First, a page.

Let’s be clear. Product development isn’t just about creating beautiful apps, easy to use UX and fast and reliable architecture – it’s about the steps your team takes from point A to point Z along the path of least resistance to get to the end result. The lesser the resistance, the lesser the time. Ask anyone familiar with the cost of software developers and they will tell you that time certainly is money.
Documentation is a key component of this process, of course. Yet, overly detailed documentation impedes progress, while too little documentation causes a slew of problems for team communication, education, and knowledge transfer.
So how do you strike a balance?
Agile ingredients for the right kind of documentation.
The theory of communication over documentation is part of the Agile development ideology, emphasizing collaboration, flexibility, and responsiveness to change. It’s important to note that this philosophy calls for the right amount of documentation at the right times, not the elimination of documentation altogether.
The following are key documentation ingredients that sync with the Agile philosophy.
It should be incremental.
Create documentation only when it’s needed, in small increments as the project progresses, instead of creating a lot of documentation upfront.
It should tell a story.
Highlight user stories, or short, simple descriptions of a feature or functionality that provide a shared understanding among the development team and stakeholders, to capture all requirements.
It should live and breathe.
Create living documentation that is updated frequently. It should be dynamic, adaptable, and flexible, and evolve as the project progresses.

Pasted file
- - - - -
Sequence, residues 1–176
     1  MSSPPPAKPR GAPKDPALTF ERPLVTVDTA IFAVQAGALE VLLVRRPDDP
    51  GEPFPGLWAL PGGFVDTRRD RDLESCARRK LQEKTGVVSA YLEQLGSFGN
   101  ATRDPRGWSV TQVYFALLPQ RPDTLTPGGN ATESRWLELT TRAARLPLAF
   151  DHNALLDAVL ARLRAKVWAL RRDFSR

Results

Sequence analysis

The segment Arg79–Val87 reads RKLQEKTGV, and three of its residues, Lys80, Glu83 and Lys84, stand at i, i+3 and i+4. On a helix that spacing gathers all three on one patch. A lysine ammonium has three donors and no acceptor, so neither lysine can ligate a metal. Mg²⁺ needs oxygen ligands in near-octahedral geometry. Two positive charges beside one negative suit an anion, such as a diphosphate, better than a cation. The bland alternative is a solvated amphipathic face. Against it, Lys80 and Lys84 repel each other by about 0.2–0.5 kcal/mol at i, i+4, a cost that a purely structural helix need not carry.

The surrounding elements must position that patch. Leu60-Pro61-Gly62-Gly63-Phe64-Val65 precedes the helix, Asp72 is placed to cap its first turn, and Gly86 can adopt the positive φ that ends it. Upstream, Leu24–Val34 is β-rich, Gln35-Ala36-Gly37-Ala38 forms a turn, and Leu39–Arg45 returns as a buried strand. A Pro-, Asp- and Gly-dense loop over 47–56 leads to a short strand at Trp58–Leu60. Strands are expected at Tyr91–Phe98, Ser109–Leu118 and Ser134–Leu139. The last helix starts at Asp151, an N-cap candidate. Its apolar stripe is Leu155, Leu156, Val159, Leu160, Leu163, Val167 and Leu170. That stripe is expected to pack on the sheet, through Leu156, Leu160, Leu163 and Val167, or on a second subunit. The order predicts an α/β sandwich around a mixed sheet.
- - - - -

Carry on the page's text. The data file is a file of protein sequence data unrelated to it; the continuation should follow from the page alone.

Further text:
It should err on the side of minimalist.
Create minimal documentation that focuses only on what's necessary in a concise, easy to understand manner that’s relevant to the project’s goals.
It should be collaborative.
Team members and stakeholders should work together in collaboration and orchestration to create, review, and update documentation.
It should be visual.
Agile development encourages the use of visual aids, such as diagrams, flowcharts, and wireframes, to communicate complex ideas and concepts. (When in doubt, always start with a flow chart and you’ll never go wrong.)
Communication is key in Agile philosophy.
When it comes to communication, the Agile approach is all about reducing the steps required to get the information across. It’s a philosophy rather than an outcome, built on high-frequency, two-way communication to gather sufficient feedback and pivot principles, and objectives as needed. For this communication to be effective, a flatter org hierarchy empowers employees at all levels to make decisions. This drives leaders to find new and innovative ways to influence and manage.
Now, let’s look at the key ingredients of Agile communication.
Collaborative across functions.
Collaborative communication should exist between cross-functional teams that are composed of developers, testers, project managers, and other stakeholders. Team members should communicate and work together regularly to ensure the project's success.
Transparent at every level.
Agile development encourages transparency and openness. All team members should have access to the project's progress and understand how it fits into the larger organizational goals.
Subject to feedback.
All stakeholders, including customers, end-users, and team members, must have the ability to provide feedback to improve the product and the development process itself.
In constant improvement.
Agile development is a continuous process that involves constant improvement. The team should regularly reflect on their work, identify areas of improvement, and adjust their processes accordingly.
In person versus in writing.
Face-to-face communication is the preferred method over written communication. This includes regular team meetings, pair programming, and other forms of direct communication.
Ceremonial in nature.
Agile development includes regular ceremonies, such as daily stand-ups, sprint planning, sprint reviews, and retrospectives. These ceremonies facilitate communication, collaboration, and feedback among team members.
The key takeaway is this: If you want to live the Agile life in our line of work, it’s important to identify the most critical documentation requirements that are “just barely good enough” for a particular project.
After that, what reigns supreme is frequent face-to-face collaborative communication for the most successful development outcomes.